Relationship with the dead person and manner of death can also influence the grieving process. Even if the death was expected as in cases of terminal illnesses where families may have undergone ‘anticipatory grief’ and are supposedly prepared for the loss, facing the reality of death can still be traumatic. The suffering undergone before death also increases the pain and sorrow of the bereaved.
The loss of a spouse
can be extremely traumatic. For some, it can be life-changing, especially if the spouse was the sole breadwinner, which can bring both emotional as well as financial stress on the bereaved spouse.
The loss of a child
is by far the worst form of grief. It can send parents into a state of deep shock and denial. Grief over the loss of a child is also accompanied by guilt, a sense of injustice and anger, and also wishes of what could have been if the death was averted. Memories of the precious one could haunt ceaselessly, making it one of the toughest bereavements to cope with. Unexpected deaths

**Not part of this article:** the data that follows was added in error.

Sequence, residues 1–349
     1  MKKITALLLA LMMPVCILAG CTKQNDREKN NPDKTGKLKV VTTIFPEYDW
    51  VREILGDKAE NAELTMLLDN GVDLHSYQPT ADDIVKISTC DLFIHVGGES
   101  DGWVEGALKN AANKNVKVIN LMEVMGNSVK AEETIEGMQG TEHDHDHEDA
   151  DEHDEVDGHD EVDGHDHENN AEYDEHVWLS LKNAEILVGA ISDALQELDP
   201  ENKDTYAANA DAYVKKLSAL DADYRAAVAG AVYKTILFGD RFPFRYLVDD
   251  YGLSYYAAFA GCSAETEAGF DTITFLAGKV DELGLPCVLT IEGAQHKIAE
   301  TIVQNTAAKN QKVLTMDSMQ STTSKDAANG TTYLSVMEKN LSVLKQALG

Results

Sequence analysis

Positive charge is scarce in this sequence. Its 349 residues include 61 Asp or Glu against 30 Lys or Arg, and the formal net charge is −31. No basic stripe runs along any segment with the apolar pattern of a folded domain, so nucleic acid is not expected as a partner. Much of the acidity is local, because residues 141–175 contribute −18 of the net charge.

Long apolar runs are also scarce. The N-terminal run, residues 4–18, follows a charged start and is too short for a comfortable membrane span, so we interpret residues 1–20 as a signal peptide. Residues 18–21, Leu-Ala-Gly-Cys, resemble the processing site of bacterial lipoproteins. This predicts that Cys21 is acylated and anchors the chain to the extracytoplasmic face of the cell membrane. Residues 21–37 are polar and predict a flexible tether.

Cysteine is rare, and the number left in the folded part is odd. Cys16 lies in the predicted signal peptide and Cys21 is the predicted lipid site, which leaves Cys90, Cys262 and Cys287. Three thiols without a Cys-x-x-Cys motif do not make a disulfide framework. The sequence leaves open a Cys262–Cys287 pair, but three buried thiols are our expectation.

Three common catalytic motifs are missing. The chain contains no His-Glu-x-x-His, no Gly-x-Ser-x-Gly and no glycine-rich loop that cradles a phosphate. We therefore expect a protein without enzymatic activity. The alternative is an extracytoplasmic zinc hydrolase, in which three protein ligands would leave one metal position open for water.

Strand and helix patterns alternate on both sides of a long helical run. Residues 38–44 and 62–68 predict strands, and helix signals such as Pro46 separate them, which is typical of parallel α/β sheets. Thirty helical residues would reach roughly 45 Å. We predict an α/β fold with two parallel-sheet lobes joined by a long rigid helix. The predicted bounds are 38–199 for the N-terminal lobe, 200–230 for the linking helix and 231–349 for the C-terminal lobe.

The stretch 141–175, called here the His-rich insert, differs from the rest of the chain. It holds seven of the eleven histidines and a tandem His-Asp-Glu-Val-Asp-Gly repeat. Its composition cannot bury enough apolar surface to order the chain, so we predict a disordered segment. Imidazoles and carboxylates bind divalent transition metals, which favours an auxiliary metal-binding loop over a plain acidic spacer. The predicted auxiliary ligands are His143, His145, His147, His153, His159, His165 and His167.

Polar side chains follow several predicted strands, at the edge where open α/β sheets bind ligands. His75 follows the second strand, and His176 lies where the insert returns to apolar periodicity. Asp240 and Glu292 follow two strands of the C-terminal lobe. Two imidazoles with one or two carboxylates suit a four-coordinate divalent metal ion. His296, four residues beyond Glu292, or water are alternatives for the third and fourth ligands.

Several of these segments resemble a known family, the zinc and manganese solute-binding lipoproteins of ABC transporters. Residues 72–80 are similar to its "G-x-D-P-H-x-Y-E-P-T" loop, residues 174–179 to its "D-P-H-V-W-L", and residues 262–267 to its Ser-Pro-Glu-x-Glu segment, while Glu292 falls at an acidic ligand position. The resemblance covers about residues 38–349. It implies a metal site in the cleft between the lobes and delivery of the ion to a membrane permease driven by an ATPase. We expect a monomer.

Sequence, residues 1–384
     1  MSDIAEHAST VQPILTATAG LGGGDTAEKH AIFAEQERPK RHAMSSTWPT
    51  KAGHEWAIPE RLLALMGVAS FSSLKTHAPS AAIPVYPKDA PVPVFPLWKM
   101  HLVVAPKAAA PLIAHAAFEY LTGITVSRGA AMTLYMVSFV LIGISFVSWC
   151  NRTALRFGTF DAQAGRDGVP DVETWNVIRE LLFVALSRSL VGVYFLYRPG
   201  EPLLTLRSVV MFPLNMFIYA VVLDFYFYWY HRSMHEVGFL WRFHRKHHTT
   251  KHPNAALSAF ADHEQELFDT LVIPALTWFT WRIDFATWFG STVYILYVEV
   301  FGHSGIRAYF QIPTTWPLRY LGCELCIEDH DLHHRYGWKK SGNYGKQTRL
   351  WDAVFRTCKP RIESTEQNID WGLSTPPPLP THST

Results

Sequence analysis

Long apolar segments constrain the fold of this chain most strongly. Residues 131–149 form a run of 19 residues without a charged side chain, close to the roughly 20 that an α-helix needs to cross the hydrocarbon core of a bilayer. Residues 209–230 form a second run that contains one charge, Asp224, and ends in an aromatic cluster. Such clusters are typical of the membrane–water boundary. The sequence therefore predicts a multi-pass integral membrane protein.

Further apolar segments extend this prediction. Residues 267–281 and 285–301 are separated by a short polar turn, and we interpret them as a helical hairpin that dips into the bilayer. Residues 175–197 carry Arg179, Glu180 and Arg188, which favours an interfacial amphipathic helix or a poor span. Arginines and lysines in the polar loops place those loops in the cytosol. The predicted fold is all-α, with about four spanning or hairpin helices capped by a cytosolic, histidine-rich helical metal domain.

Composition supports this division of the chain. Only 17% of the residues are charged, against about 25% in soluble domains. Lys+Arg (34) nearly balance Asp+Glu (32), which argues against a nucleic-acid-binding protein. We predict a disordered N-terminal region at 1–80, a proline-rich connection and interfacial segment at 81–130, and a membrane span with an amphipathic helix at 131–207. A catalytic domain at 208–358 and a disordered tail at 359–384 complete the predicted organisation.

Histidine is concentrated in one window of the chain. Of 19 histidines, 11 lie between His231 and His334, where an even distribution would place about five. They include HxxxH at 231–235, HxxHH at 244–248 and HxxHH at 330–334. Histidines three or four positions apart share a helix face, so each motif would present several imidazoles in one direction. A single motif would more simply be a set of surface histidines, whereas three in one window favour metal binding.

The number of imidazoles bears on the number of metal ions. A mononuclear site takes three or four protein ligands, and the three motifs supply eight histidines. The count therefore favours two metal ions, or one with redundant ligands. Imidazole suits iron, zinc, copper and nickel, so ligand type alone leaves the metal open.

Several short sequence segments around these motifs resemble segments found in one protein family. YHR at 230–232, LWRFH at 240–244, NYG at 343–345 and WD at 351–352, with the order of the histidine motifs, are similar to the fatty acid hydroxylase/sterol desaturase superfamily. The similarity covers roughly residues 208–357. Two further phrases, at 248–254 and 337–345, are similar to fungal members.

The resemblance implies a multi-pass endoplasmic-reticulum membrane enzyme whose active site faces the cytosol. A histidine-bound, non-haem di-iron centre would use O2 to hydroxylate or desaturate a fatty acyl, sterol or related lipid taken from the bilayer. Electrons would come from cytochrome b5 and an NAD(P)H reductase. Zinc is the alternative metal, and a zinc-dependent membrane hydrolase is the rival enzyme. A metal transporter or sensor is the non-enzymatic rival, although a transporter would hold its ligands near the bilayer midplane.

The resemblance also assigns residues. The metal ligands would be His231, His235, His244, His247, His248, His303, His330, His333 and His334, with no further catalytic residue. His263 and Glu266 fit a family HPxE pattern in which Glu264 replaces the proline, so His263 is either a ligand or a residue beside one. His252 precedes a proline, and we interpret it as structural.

due to accidents or suicide, or even a sudden illness can also be very difficult to cope with. The bereaved experience extreme guilt, and may blame themselves for the situation especially in cases of death by suicide where they feel the death could have been prevented. Accepting the loss of a loved one in such cases may take longer.Multiple deaths
within a family can also exacerbate grief making it very tough for those left behind. An acute sense of shock envelops the aggrieved, who could go through stress, trauma, anxiety and depression. Professional help and counseling may be the best way to deal with such trauma.